This means that our experience of ourselves when we’re engaged in ordinary goal-directed behavior coincides with levels of activation in the areas of prefrontal cortex that are actively involved with carrying out the behavior. However, creative musical improvisation is not ordinary goal-directed behavior and it corresponds to a very different pattern of activation in prefrontal cortex. Medial prefrontal cortex is more active and the orbitofrontal and dorsolateral areas of prefrontal cortex are less active when improvising than they are when playing a well-learned passage. The musician is literally in a different state of mind while improvising.
Being in this different state of mind means that the improvising musician experiences him or herself in a way that is different from normal. This difference may be an important factor in explaining why musicians sometimes talk about creative improvisation as going beyond yourself and at other times talk about it as expressing who you truly are.
If a person’s sense of self is strongly grounded in the way they experience themselves during the ordinary goal-directed activity that takes up most of a person’s time, being sensitive to the decreased level of activation that occurs in lateral prefrontal cortex during improvisation may contribute to a sense of going beyond yourself. The ordinary self is experienced as a combination of goals, behaviors carried out to achieve those goals, and constraints placed on those behaviors to insure that they are carried out correctly, in proper order, or in socially acceptable ways. Relaxing the constraints through deactivation of the orbitofrontal and dorsolateral areas of prefrontal cortex might give the musician a sense of self that is unfettered, separate and distinct from particular behaviors, and different from the way the self is normally experienced. This sense of self as experienced during improvisation might be described as going beyond yourself (Dave Brubeck), playing above yourself (Miles Davis), or rising to a new level of consciousness (Charlie Hayden).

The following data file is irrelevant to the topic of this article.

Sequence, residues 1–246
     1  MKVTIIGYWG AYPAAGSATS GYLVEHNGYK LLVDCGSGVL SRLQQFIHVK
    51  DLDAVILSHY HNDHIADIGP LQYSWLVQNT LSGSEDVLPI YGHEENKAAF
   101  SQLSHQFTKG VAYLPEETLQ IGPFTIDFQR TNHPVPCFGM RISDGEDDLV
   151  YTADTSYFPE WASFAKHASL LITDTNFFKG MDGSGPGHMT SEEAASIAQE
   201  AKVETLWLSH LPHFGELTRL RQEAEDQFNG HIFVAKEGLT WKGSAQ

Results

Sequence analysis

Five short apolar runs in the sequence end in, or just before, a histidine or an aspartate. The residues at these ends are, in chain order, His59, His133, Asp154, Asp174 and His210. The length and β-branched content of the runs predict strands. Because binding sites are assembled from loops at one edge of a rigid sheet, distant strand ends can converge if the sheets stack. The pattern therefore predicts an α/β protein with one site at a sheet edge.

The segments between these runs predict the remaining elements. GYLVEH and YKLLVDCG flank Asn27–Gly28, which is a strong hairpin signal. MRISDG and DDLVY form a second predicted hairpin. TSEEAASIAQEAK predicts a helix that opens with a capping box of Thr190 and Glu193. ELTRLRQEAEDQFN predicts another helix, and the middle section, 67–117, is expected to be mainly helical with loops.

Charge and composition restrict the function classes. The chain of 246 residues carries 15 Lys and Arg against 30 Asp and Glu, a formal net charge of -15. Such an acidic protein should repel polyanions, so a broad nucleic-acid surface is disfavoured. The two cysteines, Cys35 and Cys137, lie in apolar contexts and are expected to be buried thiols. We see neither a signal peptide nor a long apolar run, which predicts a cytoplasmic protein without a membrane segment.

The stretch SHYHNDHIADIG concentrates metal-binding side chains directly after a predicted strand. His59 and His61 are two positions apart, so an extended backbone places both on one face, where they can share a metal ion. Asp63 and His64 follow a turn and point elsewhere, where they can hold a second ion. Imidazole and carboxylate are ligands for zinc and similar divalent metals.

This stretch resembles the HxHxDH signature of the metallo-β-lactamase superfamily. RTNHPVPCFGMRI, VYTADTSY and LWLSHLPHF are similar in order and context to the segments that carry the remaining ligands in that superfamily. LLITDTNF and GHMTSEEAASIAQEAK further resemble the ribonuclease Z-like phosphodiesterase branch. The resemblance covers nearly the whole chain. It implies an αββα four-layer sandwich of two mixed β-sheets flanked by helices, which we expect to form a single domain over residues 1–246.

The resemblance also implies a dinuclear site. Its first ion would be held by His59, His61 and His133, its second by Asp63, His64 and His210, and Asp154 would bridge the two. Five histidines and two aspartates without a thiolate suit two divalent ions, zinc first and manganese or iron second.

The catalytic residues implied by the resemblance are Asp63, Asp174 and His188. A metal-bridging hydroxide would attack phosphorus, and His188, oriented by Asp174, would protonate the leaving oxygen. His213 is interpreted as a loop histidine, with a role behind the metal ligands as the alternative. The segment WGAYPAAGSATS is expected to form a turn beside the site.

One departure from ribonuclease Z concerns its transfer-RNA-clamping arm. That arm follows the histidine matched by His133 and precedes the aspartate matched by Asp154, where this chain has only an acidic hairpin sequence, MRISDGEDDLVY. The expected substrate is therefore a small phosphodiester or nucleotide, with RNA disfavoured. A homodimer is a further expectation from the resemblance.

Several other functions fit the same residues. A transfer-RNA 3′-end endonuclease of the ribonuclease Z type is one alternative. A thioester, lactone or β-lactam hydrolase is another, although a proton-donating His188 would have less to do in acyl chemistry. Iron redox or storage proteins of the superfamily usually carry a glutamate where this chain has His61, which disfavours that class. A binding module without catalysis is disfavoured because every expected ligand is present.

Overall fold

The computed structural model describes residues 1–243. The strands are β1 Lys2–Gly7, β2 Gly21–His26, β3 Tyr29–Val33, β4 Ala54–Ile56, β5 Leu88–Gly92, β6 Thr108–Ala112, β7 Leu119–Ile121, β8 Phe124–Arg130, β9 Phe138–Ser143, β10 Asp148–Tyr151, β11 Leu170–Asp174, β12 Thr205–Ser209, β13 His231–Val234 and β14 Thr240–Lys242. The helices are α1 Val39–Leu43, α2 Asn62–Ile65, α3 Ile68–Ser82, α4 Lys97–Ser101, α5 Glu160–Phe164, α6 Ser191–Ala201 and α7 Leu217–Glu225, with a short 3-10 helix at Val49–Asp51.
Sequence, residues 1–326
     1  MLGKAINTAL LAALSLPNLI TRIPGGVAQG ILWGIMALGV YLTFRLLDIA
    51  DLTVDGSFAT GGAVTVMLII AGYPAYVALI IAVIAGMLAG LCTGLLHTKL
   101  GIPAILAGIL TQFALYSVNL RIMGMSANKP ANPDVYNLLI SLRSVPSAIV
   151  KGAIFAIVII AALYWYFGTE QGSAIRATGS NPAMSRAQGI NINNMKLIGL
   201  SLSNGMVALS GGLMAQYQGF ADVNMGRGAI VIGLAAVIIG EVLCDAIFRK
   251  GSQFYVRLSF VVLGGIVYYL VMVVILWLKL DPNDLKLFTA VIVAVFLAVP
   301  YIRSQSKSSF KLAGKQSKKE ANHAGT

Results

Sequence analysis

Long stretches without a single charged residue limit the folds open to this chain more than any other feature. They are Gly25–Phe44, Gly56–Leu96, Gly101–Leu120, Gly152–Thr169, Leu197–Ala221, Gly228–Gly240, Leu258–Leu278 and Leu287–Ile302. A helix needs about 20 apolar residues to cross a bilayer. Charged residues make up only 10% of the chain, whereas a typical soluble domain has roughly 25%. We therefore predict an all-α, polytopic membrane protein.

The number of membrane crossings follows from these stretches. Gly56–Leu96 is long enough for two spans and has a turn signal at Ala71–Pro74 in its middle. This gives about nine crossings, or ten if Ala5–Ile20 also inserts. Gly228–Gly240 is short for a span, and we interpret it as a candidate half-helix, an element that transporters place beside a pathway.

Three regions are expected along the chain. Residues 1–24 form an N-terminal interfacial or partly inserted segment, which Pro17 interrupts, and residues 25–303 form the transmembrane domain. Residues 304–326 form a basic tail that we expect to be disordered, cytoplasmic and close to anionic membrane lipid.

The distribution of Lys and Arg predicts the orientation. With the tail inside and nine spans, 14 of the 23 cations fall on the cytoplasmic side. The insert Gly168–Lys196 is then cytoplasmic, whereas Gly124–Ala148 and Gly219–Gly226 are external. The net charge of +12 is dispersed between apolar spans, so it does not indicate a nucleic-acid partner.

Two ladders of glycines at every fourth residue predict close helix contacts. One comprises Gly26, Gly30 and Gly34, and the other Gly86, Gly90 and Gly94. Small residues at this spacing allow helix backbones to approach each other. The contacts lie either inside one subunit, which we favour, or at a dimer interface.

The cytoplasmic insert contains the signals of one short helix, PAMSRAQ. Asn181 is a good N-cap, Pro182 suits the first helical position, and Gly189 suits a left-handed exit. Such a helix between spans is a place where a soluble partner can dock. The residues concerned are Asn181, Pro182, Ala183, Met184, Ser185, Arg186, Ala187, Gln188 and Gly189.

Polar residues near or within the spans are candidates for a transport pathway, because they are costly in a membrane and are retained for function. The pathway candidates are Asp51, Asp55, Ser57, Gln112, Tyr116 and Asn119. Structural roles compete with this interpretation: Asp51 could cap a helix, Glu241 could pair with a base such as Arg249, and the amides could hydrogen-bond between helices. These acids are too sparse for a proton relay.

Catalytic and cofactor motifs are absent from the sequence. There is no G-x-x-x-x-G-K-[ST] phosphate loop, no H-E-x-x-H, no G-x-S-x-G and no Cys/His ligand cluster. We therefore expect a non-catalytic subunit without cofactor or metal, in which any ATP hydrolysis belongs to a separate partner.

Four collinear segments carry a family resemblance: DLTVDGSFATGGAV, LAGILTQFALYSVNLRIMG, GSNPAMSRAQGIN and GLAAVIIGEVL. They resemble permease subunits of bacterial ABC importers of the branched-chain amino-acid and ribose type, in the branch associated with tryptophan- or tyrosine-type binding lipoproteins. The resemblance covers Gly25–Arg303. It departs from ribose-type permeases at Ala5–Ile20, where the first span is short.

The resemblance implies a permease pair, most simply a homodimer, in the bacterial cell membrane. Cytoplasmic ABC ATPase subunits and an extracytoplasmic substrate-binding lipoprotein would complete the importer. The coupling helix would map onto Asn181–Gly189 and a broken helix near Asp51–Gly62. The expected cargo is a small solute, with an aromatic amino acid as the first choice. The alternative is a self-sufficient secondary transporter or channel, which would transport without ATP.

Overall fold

Conversely, if a person’s sense of self is strongly grounded in their goals and aspirations, being sensitive to the increased level of activation that takes place in medial prefrontal cortex during improvisation may contribute to a sense of expressing who you truly are. Again, the self is typically experienced as a combination of goals, behaviors, and constraints. An increased level of activation in medial prefrontal cortex where goals are maintained independently of behavior might give the musician a sense that their self is being expressed in a way that is more real or more true than the way it is normally expressed when intentions and aspirations are more closely associated with behavior. This sense of self as experienced during improvisation might be described as playing what you are (Louis Armstrong), the truth of what you are (Charles Mingus), or the spiritual essence of what you are (John Coltrane).
When jazz musicians and other creative artists talk about creativity they may say things that seem to be contradictory about how creativity relates to the self. However, the pattern of increased activation in medial prefrontal cortex combined with decreased activation in lateral prefrontal cortex that is observed when musicians are improvising indicates that the contradiction may be an illusion. Rather than being in conflict, characterizations of improvisation as either expressing the true self or going beyond the self may be reflecting different aspects of what’s going on in the brain during creative musical improvisation.